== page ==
In Bittersweet, an offering at the ongoing Japanese Film Festival, the vegetable-hating Maki is tempted by the delicious-looking vegetarian dishes whipped up by her housemate Nagisa. And why not? The food looks invitingly fresh and colourful and the audience can almost smell the aromas wafting from the screen.
Director Shogo Kusano says that what makes food shine best on screen is when they are oily and glossy. "The small reflections on the water and oil are important," he says in an e-mail interview with The Straits Times.
However, vegetarian dishes tend to contain less fat. The solution was to pay a lot of attention to the lighting and camera angles.
Kusano, 32, adds: "Since the reaction of the person who eats is important to make the food 'look tasty', I also focus on the direction for how to eat."
Bittersweet, rated M18, will be screened at the National Museum tonight at 7.30pm and tomorrow at 4.30pm as part of the Japanese Film Festival, which runs till tomorrow.
BOOK IT / JAPANESE FILM FESTIVAL
WHERE: National Museum of Singapore, 93 Stamford Road
WHEN: Till tomorrow, various times
ADMISSION: $13 a ticket for some titles, including Bittersweet, with concessions for seniors, students and full-time national servicemen as well as bulk purchases from jpfilmfestival.com. The bulk of the line-up is free.
The film is adapted from a manga of the same name, which is about a vegetable-hating woman who works at an advertising agency and her gay vegetarian teacher housemate.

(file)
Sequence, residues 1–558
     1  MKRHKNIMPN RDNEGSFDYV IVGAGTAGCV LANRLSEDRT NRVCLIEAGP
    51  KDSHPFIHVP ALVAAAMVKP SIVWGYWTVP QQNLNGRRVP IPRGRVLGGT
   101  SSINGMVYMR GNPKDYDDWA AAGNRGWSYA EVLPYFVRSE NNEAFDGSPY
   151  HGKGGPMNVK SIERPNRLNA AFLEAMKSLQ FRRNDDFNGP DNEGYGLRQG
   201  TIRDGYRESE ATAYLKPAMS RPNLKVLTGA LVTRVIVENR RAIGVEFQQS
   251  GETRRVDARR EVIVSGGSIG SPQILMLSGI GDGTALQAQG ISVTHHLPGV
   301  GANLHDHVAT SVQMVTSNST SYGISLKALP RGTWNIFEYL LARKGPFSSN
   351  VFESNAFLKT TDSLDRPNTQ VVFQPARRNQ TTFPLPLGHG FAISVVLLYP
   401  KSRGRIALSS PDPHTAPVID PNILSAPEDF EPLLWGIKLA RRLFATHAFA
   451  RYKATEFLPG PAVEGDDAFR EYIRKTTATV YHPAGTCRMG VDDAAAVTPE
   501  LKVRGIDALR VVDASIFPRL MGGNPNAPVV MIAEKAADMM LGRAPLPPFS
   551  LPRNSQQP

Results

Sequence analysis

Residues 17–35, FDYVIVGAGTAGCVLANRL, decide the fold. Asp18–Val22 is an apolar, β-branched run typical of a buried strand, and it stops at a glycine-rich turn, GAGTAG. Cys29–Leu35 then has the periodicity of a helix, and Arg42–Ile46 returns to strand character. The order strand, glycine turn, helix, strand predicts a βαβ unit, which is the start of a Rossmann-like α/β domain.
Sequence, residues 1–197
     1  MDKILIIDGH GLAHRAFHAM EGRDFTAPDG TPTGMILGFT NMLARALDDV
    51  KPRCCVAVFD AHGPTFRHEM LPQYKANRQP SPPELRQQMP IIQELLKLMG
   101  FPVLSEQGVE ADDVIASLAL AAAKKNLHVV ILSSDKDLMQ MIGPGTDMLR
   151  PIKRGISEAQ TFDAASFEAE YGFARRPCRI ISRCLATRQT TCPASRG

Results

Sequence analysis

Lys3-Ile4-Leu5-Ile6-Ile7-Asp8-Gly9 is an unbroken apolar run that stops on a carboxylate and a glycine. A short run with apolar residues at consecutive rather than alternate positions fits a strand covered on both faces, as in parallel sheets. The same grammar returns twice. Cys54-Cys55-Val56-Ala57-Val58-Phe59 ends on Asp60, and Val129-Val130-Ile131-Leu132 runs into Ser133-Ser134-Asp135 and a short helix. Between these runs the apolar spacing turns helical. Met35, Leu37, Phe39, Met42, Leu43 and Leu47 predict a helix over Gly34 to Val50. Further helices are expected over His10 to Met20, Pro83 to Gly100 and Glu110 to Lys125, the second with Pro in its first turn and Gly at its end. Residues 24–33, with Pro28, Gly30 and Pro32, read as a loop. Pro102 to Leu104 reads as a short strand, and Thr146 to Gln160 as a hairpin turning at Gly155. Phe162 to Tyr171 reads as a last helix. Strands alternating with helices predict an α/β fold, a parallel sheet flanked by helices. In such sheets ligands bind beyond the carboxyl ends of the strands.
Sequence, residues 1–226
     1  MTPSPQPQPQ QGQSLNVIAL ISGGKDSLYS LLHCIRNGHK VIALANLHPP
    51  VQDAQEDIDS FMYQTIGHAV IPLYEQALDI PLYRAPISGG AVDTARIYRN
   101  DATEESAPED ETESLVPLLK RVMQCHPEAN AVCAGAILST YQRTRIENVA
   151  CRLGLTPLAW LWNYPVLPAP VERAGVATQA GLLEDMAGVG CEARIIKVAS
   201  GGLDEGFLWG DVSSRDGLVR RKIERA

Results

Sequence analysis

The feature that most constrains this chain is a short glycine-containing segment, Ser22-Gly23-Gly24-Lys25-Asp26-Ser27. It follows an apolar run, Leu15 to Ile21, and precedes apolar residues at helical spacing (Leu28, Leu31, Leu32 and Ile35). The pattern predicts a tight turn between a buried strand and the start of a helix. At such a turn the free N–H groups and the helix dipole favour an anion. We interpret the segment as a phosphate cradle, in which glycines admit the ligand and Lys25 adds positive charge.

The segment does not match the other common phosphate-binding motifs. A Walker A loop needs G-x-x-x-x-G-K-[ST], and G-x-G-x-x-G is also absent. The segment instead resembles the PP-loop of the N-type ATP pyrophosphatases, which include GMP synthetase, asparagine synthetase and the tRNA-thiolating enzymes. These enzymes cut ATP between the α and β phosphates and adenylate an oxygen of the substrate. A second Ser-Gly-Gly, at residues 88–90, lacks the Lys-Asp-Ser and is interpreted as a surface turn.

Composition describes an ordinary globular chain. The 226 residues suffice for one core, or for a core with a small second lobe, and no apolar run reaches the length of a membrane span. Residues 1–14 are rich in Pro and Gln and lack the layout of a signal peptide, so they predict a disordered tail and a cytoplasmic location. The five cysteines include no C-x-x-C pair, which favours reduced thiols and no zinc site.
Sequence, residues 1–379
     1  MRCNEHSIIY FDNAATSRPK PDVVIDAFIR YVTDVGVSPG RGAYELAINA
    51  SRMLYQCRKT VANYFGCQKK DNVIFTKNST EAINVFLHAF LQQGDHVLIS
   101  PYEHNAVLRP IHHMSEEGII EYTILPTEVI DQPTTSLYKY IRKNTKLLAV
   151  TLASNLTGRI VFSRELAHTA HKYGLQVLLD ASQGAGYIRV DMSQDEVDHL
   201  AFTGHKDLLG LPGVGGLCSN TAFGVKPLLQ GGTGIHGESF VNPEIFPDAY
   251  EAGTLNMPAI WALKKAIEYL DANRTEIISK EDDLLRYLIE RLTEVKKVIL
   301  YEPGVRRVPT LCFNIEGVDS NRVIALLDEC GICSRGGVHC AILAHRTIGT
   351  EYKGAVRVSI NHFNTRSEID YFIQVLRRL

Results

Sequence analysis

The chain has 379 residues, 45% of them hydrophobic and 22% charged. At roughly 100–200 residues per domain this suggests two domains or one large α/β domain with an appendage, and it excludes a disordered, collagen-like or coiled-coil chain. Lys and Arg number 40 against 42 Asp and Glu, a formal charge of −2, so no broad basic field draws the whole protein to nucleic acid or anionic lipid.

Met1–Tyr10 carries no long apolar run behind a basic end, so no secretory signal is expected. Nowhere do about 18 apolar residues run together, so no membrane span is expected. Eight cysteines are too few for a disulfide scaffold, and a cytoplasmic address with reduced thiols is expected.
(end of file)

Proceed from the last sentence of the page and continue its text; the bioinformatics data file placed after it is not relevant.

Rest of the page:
Kusano, who had directed the teen sci-fi drama Karappo (Empty, 2012), points to a key challenge of adapting a manga work.
"If we find some actors who just look like the manga characters, it would be just a cosplay."
Instead, he wanted to focus on the characters themselves and yet still have the film win over fans of the manga.
He says of actress Haruna Kawaguchi: "I think she played Maki perfectly and cutely, a character who has maturity and a childish side."
The bigger directing challenge was Nagisa and he says that actor Kento Hayashi helped bring the role to life. Even though Hayashi does not cook in real life, he learnt to handle knives and was so dedicated that all the close-up shots of the hands during cooking were actually his.
While Maki is won over by vegetables in the film, the director says that he has no intentions of proselytising with his work.
"Maki doesn't become vegetarian, but she just likes the dishes cooked by someone she likes. And she realises that dishes cooked with affection and a careful diet are much better than her previous diet of fast food and supplements."
Kusano himself is not vegetarian, though he does try to eat healthily.
"I didn't like vegetables when I was a kid. However, I realised how important vegetables are for my health a few years ago and now I try to eat well-balanced meals."
Bittersweet was released in Japan on Sept 10. Its inclusion in the Japanese Film Festival marks the international premiere of the title in a country where people are passionate about food - a fact which makes Kusano happy.
"It would be wonderful if people in Singapore watch this film and wish to eat the food in the film or even cook them. I cook Hainanese chicken rice at home."